Being more humane with the HSKWSP

Image of cats feeding
Image of cats feeding
Contributed image

All across Kitchener-Waterloo (KW), there are cats and kittens without homes. Many go to local shelters when caught, waiting to be adopted by the perfect family.  

One of these organizations is the Humane Society of KW and Stratford Perth (HSKWSP), which operate two self-funded and governed Animal Centres.  

Speaking with a member of HSKWSP’s team provided an informative and intriguing look into the adoption process and how the KW community can come together to support cats in the region through emails with The Cord.  

First and foremost, HSKWSP is “always looking for volunteers and foster caregivers.” 

Alongside monetary contributions, members of the community can support the organization by contributing to the pet pantry program  via donations of “essential items, including dog, cat and small animal food, litter, bedding, etc.” 

Individuals can also become a “humane ambassador” in their community by helping to “share how the humane society supports people and pets, refer people to [the HSKWSP] website for support programs and services, encourage adopting not shopping and help pets where [they] can!” 

Part of being a humane ambassador involves knowing what to do if you suspect there is a stray or feral animal in your neighbourhood.  

First, you should identify if the animal is injured, sick or lost. In all three of these scenarios, it is important to call the HSKWSP at 519-745-5615.  

It can also be useful to post a picture or video online of the animal: 

“Social media is great!  There are lots of lost pets boards, as well as Ground Search and Rescue, that you can post on and try to spread the word.” 

Further, you can “create a poster or flyer to spread to neighbours and see if the animal is owned by a local resident.” 

If you find a lost dog, it can be useful to “take it for a walk around your neighbourhood and ask others if they recognize them.”  

If all of these methods fail, calling the HSKWSP is important to ensure the animal can be returned to their rightful owner (or have their well being assessed by the shelter).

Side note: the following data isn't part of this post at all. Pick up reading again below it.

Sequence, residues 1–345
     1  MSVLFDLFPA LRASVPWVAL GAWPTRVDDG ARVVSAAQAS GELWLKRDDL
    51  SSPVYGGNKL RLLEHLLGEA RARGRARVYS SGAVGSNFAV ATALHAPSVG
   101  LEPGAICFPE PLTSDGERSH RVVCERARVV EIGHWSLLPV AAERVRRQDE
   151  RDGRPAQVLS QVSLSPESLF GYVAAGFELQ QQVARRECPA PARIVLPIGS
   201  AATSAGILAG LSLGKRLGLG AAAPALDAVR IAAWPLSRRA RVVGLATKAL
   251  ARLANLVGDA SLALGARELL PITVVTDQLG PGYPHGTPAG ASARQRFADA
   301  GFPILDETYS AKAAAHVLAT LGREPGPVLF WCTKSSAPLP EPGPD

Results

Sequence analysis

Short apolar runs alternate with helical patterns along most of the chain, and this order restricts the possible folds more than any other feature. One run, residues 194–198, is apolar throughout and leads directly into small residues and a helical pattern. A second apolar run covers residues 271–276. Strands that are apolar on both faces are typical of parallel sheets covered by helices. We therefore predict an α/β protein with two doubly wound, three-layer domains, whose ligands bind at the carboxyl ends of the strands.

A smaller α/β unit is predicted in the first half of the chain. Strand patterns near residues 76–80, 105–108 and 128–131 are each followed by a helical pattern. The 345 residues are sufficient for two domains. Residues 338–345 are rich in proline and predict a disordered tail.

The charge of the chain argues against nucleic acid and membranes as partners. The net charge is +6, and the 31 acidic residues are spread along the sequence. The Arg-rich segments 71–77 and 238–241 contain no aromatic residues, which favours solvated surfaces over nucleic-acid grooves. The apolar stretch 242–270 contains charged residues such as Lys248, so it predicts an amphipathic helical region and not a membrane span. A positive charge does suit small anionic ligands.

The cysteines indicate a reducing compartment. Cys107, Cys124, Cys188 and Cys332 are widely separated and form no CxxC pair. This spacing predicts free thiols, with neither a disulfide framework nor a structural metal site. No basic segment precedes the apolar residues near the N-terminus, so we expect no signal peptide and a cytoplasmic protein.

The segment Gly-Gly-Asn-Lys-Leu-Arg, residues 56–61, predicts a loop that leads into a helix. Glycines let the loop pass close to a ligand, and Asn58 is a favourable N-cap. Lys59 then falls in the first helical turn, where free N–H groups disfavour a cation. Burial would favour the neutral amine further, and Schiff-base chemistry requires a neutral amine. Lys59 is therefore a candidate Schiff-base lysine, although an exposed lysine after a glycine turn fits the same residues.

Relying on the continued contribution of the KW Region, the HSKWSP has faced many struggles due to the ongoing COVID-19 pandemic. 

As a charitable organization, HSKWSP relies on the generosity of the community: 

“There are different types of animal shelters – some can be municipally operated and funded, and others are not for profits. Although we all have the same goal, we are not affiliated with one another and work separately to help those in our community,”  the HSKWSP representative said. “HSKWSP is a charitable organization and receives no funds from the government for our charitable programs and services. We rely on the generosity of donors to keep our doors open and services available to the public.” 

Out of all the struggles currently being faced  by the HSKWSP, one in particular was prominent: Many individuals are grappling with caring for their pets physically and financially, leading to  difficulties accessing affordable veterinary care. The result has been HSKWSP seeing an increase in “medical surrender calls over the last half of 2022”.  

However, the pandemic has led to some positives in the world of animal welfare. This “incredible shift” marks a change in the way the industry is supporting people and their pets. 

“Where the industry has always focused on animals, we are seeing a fantastic shift to supporting both people and pets’ ‘ .  

One of these beneficial support programs include the Spay Neuter Assistance Program, a low-cost spay neuter clinic in Stratford, and a Community Vet Outreach program to support those who are vulnerably housed or experiencing homelessness.  

“We continue to grow these programs with our Pet Pantry Program and our partnership with GoodPup to offer low cost training services, so those who may be experiencing difficulty feeding their pet or accessing lower cost training can avoid having to surrender a pet,” the HSKWSP representative said.  

Ultimately, “this shift is wanting to keep people and pets together – maintaining the incredibly important human-animal bond – versus separating them.” 

The important work done by the HSKWSP is critical to the lives of animals in the KW Region. In its mission statement, HSKWSP states that it is “committed to promoting the human-animal bond with a focus on the responsible treatment of animals through education, collaboration, compliance, advocacy and care.” 

This collaboration with the community can be seen in the shelter’s upcoming charity event, “Bake for the Animals”. To take part, interested parties can either host a bake sale fundraiser for the shelter, or “follow the pastry path” by collecting a stamp card and visiting “partnering bakeries, eateries & coffee shops for a chance to win a Cuisinart Stand Mixer valued at $400.” 

Taking place during February, the event directly supports HSKWSP.  

There are also ways for children to get involved.  

From March 13-17, the shelter’s march break camp “includes a week of fun with animal themed activities for children ages 6-12 years. Camp includes special guest presenters, animal visits, a tour of the centre, arts and crafts, and pizza day!” 

Running from 9 – 4 pm, the camp is sure to be a hit with young animal lovers.  

With multiple ways to get involved for all ages, contributing to HSKWSP’s animal welfare work should be a priority for each resident of the KW Region.  

For more information, individuals can reach HSKWSP at kwsphumane.ca, infosp@kwsphumane.ca or 519-745-5615

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